“This fills a significant gap in our understanding of self-organised community activity, based on a range of original research studies. Essential reading for academics, activists and policy makers alike.” Marjorie Mayo, Emeritus Professor of Community Development, Goldsmiths, University of London

Product Format
Paperback
Dimensions
156 x 234
Publication Date
1 Jun 2018
Number of Pages
320
ISBN
978-1447327783
Product Format
Hardback
Dimensions
156 x 234
Publication Date
15 Mar 2017
Number of Pages
320
ISBN
978-1447327776
Product Format
EPUB
Dimensions
156 x 234
Publication Date
15 Mar 2017
Number of Pages
320
ISBN
978-1447327813
Product Format
Kindle
Dimensions
156 x 234
Publication Date
15 Mar 2017
Number of Pages
320
ISBN
978-1447327820

About the book

In the past decade community groups have been portrayed as the solution to many social problems. Yet the role of ‘below the regulatory radar’ community action has received little research attention and thus is poorly understood in terms of both policy and practice.

Focusing on self-organised community activity, this book offers the first collection of papers developing theoretical and empirically grounded knowledge of the informal, unregistered, yet largest, part of the voluntary sector. The collection includes work from leading academics, activists, policy makers and practitioners offering a new and coherent understanding of community action ‘below the radar’.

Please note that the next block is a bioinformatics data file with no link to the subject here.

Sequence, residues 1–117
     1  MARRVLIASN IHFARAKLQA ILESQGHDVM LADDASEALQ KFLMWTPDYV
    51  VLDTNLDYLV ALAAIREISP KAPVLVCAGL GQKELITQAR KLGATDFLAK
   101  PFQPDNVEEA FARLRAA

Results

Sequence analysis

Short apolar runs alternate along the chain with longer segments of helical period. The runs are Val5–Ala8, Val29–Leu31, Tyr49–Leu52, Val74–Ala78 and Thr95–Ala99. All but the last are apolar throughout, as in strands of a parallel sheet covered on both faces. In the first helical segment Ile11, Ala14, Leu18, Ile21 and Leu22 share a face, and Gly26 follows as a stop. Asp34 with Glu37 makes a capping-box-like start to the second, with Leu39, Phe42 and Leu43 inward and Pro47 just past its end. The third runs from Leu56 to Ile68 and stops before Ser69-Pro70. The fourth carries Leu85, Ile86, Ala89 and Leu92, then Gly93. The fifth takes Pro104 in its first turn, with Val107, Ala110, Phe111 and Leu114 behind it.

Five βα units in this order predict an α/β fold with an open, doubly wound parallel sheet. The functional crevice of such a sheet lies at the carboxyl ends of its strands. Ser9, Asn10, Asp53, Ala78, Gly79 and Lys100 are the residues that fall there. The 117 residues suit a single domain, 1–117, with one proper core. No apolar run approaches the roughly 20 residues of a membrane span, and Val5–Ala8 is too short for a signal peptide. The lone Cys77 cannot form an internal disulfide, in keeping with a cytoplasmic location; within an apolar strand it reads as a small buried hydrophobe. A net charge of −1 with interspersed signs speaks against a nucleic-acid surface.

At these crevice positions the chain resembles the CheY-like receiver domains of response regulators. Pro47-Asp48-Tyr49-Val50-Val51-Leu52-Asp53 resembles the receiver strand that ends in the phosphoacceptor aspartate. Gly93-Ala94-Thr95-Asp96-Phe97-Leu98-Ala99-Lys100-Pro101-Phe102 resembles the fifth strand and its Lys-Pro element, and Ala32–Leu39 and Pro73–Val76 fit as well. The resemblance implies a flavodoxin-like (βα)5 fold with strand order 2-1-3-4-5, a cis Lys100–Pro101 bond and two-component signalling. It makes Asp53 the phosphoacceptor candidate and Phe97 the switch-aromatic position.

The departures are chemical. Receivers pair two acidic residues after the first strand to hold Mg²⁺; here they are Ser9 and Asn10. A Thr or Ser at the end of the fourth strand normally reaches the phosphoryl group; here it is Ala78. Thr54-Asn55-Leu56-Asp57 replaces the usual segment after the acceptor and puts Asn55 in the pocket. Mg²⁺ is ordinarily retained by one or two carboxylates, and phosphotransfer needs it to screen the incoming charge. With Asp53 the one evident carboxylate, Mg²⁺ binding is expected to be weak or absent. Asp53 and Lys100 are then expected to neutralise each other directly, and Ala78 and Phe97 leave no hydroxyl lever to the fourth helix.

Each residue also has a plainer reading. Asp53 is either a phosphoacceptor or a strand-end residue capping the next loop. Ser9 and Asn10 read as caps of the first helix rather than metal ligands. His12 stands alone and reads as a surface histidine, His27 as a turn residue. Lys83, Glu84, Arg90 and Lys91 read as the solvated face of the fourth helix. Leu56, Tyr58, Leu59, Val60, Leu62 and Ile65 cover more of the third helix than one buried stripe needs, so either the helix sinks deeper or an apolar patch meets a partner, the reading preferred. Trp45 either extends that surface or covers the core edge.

The book is part of the Third Sector Research Series which is informed by research undertaken at the Third Sector Research Centre, funded by the Economic and Social Research Council and Barrow Cadbury Trust.

Content

Introduction: Why get below the radar? The importance of understanding community groups and activities ~ Angus McCabe and Jenny Phillimore
Part One: Scoping and mapping community actions and activities
Below the radar? Community groups and activities in context ~ Angus McCabe and Jenny Phillimore
Getting below the radar: micro-mapping ‘hidden’ community activity ~ Andri Soteri-Proctor
Part Two: Community groups and activities in context
Are we different? Claims for distinctiveness in voluntary and community action ~ Angus McCabe and Jenny Phillimore
Community as policy: reflections on community engagement, empowerment and social action in a changing policy context ~ Angus McCabe
Lost to austerity, lost in austerity: rethinking the community sector in Ireland ~ Niall Crowley
All change? Surviving below the radar: community groups and activities in hard times ~ Angus McCabe and Jenny Phillimore
Part Three: Under-explored radars
The UK Gypsy, Traveller and Roma third sector: a Gypsy industry or route to empowerment? ~ Andrew Ryder and Sarah Cemlyn
Understanding grassroots arts groups and practices in communities ~ Hilary Ramsden, Jane Milling and Robin Simpson
Is there a black and minority ethnic third sector in the UK? ~ Lucy Mayblin
‘More than a refugee community organisation’: a study of African migrant associations in Glasgow ~ Teresa Piacentini
Part Four: Thinking about voice, learning and emotion below the radar
‘Almost a whisper’: black and minority ethnic community groups’ voice and influence ~ Phil Ware
Learning to sustain social action ~ Jenny Phillimore and Angus McCabe
Authentic and legitimate? The emotional role of ‘grassroots’ community activists in policymaking ~ Rosie Anderson
Conclusion: thinking back and looking forward ~ Angus McCabe and Jenny Phillimore